On Books

Girl, Woman, Other by Bernadine Evaristo

41081373._sy475_Girl, Woman, Other by Bernadine Evaristo won this year’s Booker Prize along with Margaret Atwood’s The Testament.

 

Sometimes award winners can be a bit esoteric for my tastes, but Girl, Woman, Other proved to be an enjoyable and satisfying  read. The structure does have its challenges. The novel has twelve different points of view, which means there’s no slacking for the reader. Full attention is required. Nevertheless, it’s an easy read.  Just enough connecting thread is woven through each of the narratives to give the sense that Evaristo is purposefully taking her reader on a journey.

Girl, Woman, Other provides a window in to a world which Micha Frazer-Carroll of the Guardian observed: ” … is a Britain less often depicted in fiction.”

Thank goodness that is changing. And thank-you to Evaristo for leading the charge.

Each voice is distinctive, each story unique. Some are more likeable than others but all are presented sympathetically. I did have my favourites, though. Particularly Yazz, the daughter of queer parents, Amma and Roland. Yazz is  opinionated, passionate, loves her parents, and a force to be reckoned with.

    Yazz
sits on the seat chosen by Mum in the middle of the stalls, one of the best in the house, although she’d rather be hidden away at the back in case the play is another embarrassment
she’s tied her amazingly wild, energetic, strong and voluminous afro back because people sitting behind her in venues complain they can’t see the stage
when her afro’d compatriots accuse people of racism or micro aggressions for this very reason, Yazz asks them how’d they feel if an unruly topiary hedge blocked their view at a stage concert? (p41)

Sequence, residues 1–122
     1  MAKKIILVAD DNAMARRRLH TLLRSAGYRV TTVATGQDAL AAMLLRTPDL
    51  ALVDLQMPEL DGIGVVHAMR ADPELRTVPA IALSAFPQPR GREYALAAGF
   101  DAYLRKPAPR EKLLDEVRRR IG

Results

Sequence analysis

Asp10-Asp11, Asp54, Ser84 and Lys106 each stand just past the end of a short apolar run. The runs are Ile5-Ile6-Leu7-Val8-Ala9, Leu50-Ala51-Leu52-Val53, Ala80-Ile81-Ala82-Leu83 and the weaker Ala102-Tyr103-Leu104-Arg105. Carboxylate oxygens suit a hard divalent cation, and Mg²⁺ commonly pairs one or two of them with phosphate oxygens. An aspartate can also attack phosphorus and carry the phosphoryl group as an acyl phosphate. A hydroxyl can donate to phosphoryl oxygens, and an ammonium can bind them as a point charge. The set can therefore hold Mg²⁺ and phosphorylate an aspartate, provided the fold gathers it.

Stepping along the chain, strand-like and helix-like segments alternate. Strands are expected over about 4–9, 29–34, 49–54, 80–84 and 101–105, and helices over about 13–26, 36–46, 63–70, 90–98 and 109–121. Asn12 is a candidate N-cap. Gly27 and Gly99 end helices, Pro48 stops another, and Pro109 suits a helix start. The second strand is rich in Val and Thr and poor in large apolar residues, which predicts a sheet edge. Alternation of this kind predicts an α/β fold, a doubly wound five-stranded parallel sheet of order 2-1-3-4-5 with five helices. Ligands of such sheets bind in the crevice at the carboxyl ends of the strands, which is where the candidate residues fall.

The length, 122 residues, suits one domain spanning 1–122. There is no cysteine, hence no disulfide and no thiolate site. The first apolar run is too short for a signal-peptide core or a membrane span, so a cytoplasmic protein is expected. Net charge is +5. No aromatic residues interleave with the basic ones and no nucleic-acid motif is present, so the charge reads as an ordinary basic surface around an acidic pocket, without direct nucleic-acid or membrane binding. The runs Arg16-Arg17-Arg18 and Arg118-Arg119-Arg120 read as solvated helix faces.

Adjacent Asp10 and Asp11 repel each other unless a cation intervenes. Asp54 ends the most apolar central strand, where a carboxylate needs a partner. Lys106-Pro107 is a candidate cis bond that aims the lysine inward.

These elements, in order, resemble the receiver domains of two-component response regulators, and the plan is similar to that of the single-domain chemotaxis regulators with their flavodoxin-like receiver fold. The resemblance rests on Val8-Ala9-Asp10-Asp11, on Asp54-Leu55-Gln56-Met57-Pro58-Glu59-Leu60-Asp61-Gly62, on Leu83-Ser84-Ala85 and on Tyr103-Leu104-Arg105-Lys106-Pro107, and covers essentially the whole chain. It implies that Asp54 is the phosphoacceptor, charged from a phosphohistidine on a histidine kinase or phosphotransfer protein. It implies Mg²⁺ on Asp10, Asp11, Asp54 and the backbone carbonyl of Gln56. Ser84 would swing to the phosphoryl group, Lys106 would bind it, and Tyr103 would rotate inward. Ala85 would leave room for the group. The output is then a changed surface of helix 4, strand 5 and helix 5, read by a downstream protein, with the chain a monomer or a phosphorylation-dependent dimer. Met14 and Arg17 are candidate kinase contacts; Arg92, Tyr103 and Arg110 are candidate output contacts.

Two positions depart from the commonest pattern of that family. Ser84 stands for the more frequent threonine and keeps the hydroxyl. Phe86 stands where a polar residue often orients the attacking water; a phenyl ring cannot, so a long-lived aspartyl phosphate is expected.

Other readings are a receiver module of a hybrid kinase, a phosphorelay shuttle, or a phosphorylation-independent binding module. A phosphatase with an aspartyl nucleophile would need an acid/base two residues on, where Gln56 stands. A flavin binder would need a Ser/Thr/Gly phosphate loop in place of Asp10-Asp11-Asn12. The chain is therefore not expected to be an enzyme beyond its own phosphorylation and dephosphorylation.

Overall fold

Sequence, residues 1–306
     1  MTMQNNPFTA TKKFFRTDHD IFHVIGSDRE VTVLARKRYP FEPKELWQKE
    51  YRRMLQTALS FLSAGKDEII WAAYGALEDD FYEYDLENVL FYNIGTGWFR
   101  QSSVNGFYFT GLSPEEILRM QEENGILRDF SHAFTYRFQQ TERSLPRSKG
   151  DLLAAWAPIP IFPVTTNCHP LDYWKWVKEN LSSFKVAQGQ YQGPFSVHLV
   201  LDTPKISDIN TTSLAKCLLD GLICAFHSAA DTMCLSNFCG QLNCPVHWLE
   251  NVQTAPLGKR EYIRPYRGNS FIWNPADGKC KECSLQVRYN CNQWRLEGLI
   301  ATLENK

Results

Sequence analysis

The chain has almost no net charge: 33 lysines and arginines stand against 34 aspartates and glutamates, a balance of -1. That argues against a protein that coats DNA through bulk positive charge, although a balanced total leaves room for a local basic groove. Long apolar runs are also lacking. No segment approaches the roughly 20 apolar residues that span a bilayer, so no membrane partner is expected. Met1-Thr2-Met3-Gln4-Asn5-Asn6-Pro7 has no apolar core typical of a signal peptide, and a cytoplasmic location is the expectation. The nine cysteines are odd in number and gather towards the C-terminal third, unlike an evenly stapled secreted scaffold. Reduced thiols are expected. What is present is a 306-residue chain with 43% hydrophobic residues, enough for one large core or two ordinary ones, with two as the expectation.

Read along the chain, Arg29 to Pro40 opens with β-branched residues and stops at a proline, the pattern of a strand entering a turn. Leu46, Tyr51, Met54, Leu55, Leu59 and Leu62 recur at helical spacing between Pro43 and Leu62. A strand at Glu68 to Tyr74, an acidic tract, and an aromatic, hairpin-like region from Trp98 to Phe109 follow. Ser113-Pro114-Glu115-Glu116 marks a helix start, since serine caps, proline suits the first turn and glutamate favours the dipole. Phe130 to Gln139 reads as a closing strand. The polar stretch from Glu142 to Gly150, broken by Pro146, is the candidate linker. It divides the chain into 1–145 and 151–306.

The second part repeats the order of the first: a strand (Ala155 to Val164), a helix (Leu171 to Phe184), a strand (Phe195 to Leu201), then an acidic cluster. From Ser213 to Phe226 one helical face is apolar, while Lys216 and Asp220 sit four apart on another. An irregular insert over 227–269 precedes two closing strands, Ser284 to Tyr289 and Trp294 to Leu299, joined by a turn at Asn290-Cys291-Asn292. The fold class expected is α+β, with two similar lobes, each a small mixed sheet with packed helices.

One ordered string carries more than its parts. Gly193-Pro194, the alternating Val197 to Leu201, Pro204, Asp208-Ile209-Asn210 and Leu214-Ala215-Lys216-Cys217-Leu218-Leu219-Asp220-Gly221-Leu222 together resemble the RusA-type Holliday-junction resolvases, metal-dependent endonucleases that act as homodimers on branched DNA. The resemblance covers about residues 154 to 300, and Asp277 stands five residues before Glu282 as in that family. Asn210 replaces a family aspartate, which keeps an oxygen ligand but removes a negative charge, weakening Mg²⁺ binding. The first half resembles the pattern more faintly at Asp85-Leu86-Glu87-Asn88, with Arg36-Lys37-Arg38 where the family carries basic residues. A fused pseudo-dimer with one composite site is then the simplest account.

Everything about this novel, from the structure, the punctuation, to each point of view, challenges patriarchy, racism, stereotypes. But I don’t think it does this stridently. Not to my ear.  The challenges come simply in the telling of each of the stories. They speak for themselves. Together they speak more loudly. And they tell the story of life, that we’re all here, on this planet, together, trying to work out the business of life.

Bernadine Evaristo is an accomplished author with eight previous books to her credit although, this is the first of her novels that I’ve read. I trusted her from the opening sentence.   I’m looking forward to reading more of her work.

You can read the New York Times review here,  

and The Financial Times on the controversial decision to award this year’s Booker prize jointly, here

Girl, Woman, Other (2019) Bernadine Evaristo, Penguin Books
Opening sentence:
Amma
is walking along the promenade of the waterway that bisects her city, a few early morning barges cruise slowly by
to her left is the nautical -themed footbridge with its deck-like walkway and sailing mast pylons
to her right is the bend in the river as it heads east past Waterloo Bridge towards the dome of St Paul’s …

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